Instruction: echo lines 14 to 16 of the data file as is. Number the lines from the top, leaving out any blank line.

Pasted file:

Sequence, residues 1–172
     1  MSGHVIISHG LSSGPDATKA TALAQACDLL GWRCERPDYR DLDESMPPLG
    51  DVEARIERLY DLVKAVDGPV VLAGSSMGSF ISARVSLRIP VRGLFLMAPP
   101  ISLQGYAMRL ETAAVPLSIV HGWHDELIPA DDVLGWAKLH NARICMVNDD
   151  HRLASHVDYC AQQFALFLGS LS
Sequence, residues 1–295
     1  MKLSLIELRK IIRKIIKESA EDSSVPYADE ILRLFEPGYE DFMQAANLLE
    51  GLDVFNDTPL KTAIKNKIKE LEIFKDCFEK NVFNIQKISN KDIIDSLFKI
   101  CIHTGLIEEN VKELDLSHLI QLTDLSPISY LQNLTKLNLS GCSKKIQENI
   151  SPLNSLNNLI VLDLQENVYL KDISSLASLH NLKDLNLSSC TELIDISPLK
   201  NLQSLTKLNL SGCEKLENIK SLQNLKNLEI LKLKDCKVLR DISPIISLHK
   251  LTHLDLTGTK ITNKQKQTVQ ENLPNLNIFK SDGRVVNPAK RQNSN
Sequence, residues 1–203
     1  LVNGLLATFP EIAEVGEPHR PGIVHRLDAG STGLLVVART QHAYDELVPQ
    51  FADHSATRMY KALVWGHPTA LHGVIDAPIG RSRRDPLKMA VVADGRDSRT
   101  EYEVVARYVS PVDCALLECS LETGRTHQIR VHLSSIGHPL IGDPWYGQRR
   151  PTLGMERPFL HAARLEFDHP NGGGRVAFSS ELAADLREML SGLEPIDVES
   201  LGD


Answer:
     1  LVNGLLATFP EIAEVGEPHR PGIVHRLDAG STGLLVVART QHAYDELVPQ
    51  FADHSATRMY KALVWGHPTA LHGVIDAPIG RSRRDPLKMA VVADGRDSRT
   101  EYEVVARYVS PVDCALLECS LETGRTHQIR VHLSSIGHPL IGDPWYGQRR